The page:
And as Christian parents, we must pray that they are also elect, whether they are saved as unborn infants or young children or adults. Although we give them the sign of membership in the covenant of grace and consider them as covenant children, we do not baptize them because they are regenerate. Rather, we baptize them in obedience to God’s commands. On the other hand, we also do not presume that they are unregenerate little pagans, as most evangelicals do, as we regard our pre-professing covenant children as Christians until they behave as unregenerate. So we do not try to “convert” them, but diligently strive to raise them as faithful, godly children. Canons of Dort I:17 confirms this when it says, “Godly parents ought not to doubt the election and salvation of their children whom God calls out of this life in infancy” (Canons of Dort I:17; see also Westminster Confession 10:3).

Therefore, we are to continue praying that they are truly elect infants or children, just as Job prayed and offered sacrifices for his children daily (Job 1:5).

The Duties of Parents Towards Their Children

Our Old Testament reading is an exhortation and a warning to the parents of Israel:

“Only take care, and keep your soul diligently, lest you forget the things that your eyes have seen, and lest they depart from your heart all the days of your life. Make them known to your children and your children’s children… [T]he LORD said to me, ‘Gather the people to me, that I may let them hear my words, so that they may learn to fear me all the days that they live on the earth, and that they may teach their children so’” (Deut 4:9-10).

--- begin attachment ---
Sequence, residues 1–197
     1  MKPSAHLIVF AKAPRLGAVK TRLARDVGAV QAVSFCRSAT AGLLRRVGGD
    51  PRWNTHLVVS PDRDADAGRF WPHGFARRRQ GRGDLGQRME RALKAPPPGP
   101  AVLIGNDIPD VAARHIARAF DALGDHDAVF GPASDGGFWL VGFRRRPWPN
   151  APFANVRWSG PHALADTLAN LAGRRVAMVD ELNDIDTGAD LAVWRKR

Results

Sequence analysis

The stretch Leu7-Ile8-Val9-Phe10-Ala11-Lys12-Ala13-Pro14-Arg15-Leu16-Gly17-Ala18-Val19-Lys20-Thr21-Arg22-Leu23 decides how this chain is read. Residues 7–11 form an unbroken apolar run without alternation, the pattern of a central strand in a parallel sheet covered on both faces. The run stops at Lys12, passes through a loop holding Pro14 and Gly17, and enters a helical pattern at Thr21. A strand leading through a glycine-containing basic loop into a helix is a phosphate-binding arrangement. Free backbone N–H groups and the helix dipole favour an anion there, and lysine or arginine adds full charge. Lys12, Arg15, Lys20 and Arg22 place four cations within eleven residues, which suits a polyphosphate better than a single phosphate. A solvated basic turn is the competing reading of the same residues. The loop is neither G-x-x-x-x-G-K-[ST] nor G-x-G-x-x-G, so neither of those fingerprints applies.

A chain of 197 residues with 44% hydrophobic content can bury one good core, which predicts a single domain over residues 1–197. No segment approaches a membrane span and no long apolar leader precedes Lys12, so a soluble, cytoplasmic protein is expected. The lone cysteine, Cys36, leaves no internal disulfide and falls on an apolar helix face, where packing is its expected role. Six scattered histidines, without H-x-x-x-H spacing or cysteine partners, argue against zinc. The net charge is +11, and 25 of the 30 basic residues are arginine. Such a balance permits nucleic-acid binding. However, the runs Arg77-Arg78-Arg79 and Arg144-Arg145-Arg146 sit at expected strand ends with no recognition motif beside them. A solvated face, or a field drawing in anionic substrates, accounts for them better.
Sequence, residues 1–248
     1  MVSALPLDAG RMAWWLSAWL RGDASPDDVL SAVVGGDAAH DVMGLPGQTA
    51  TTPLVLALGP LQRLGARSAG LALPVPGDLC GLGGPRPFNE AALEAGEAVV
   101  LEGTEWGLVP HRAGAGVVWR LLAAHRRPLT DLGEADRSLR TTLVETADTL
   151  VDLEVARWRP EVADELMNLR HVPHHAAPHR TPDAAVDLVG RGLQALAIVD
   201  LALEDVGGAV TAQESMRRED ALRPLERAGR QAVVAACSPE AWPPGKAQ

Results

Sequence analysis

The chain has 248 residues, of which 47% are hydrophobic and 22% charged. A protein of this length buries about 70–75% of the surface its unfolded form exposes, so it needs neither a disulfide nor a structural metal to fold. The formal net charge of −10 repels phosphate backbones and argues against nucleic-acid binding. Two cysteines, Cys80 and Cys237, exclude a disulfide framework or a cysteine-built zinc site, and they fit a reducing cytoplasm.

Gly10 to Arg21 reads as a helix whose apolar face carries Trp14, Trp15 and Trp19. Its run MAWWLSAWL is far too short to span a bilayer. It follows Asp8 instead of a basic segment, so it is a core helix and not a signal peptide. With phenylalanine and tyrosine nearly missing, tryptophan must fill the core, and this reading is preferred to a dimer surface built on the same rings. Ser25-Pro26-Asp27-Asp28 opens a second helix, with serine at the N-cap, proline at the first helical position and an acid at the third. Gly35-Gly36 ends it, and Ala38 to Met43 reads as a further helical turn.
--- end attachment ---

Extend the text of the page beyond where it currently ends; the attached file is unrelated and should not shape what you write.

Teach the children God’s word. Teach them to fear the LORD. Teach them to worship God alone and worship him in Spirit and in Truth. Teach them disciplined behavior. And teach them to pray.

How are we to teach all these things to our children? First of all, God says, “Take care, and keep your soul diligently.” Paul says the same thing to warn believers to be careful about how they conduct themselves before others, such as, “But take care that this right of yours does not somehow become a stumbling block to the weak” (1 Cor 8:9; see also 3:10). If we want to teach our children to pray, we must set an example for them. They must see us praying regularly: before meals, before traveling, before bedtime; for those who are sick; for people who need help; for the civil authorities. Let them hear us praying for God’s comfort and protection for our suffering, persecuted brothers and sisters in the world, especially at this very moment in Syria, Iraq, Sudan and Nigeria. They must see us praising God for answered prayers. That is why it is also a good idea to teach them to keep a prayer record, so they see how God has answered their prayers.